The need to combine resources with manpower is essential in putting together a budget. If you're leasing or renting equipment, you'll need someone to operate it — you don't want equipment sitting around unused. Likewise, you don't want people on the clock for an eight-hour day if the equipment is only available for three hours. Coordinating resources and manpower takes careful planning. Make sure they go hand in hand.
It's also important that you have enough work to keep full-timers working full time. If you're hiring someone for a thirty-five-hour workweek (and paying them a weekly rate), you'll be spending extra money if you only have twenty-two hours of work for them to do. You might hire someone on an hourly basis instead. However, if you are paying this individual $2,000 for the week and the rate of $100 per hour would put you at $2,200, you would actually be saving money with the weekly rate, even if the person isn't busy all the time. If you have this person on your payroll, he or she could be doing another task during those extra hours.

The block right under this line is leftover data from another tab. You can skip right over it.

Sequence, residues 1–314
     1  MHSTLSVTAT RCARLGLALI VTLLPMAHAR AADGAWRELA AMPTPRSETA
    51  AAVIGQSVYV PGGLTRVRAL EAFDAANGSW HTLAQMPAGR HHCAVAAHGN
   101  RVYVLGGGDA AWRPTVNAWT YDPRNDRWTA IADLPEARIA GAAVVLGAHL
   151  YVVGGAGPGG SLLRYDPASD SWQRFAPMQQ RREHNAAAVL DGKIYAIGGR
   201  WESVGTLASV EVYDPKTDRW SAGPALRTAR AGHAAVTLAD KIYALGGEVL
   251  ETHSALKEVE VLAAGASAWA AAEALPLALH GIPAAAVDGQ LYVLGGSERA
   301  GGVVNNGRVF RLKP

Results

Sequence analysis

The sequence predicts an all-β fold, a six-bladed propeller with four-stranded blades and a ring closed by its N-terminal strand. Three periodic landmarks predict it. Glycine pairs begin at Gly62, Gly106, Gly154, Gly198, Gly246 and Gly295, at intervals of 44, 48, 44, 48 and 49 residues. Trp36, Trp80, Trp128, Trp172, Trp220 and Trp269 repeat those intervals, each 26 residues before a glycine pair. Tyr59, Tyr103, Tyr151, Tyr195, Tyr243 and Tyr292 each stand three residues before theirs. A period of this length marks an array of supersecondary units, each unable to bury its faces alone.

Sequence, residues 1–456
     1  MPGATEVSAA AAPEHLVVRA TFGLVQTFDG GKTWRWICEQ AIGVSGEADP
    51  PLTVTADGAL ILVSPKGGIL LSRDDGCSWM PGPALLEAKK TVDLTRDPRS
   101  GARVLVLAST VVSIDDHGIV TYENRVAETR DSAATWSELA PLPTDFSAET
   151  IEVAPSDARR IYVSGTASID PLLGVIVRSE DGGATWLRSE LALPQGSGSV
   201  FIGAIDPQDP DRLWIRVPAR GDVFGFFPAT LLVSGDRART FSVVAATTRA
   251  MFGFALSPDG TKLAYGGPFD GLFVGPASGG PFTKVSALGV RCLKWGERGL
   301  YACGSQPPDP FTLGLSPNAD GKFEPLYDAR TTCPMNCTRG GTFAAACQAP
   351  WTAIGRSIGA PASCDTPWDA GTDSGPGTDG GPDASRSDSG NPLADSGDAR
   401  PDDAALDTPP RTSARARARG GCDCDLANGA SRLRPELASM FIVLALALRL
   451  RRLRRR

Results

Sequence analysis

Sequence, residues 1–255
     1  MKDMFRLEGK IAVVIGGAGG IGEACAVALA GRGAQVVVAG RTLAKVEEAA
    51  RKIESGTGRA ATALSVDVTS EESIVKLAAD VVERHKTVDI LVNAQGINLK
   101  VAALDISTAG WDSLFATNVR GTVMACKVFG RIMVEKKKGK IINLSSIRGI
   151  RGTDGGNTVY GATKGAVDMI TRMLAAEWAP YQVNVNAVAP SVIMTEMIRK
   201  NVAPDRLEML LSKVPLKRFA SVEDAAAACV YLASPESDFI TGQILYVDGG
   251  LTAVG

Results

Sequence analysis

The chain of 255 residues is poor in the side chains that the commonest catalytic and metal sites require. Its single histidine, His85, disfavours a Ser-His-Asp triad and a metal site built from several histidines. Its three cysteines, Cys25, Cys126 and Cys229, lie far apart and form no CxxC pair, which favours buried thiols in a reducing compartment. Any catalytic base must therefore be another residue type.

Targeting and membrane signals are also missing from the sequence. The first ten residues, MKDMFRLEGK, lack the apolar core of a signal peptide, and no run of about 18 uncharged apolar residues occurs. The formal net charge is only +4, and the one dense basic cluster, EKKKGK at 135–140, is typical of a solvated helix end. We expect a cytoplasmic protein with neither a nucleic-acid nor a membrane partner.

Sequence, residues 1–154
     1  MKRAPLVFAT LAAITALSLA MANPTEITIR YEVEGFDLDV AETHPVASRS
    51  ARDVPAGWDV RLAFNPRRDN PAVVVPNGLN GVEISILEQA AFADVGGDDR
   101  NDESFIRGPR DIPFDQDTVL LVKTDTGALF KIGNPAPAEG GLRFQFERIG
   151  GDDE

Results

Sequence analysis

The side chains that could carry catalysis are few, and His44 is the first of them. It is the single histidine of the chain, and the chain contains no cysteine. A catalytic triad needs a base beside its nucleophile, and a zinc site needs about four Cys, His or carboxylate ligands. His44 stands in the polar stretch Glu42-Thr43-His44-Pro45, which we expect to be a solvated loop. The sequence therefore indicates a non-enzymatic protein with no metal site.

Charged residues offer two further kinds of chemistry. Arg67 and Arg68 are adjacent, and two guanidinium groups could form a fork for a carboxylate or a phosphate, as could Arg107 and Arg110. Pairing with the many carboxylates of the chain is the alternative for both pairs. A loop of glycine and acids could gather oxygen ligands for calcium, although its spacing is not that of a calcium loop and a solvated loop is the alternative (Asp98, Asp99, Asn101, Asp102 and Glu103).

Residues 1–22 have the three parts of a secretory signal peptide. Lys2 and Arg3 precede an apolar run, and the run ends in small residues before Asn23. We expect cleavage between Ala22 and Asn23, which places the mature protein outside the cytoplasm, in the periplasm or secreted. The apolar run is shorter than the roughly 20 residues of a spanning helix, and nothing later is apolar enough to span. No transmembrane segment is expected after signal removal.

What are the elements of a budget?
Similar to resources, budget elements are the people, materials, and tools (along with anything else) necessary to complete a project. They are the individual aspects of the budget to which money will be allocated. The anticipated project cost at the start of a project is known as the budget cost.
Use either/or scenarios to determine which is the most cost efficient way to run your project. Often, someone will rent equipment thinking that they will only need it for a short time, so they will be saving money. In the end, they need the equipment for a longer time frame and end up spending more money than they would have if they had purchased the equipment. Therefore, it's important to judge your needs in terms of equipment and time frame. No, you need not buy a forklift (which you'll probably never use again) for a two-week job, but if you buy a computer for a two-week job, you'll probably use it on your next project and the one after that. Keep in mind the practicality of buying versus renting for long-term usage.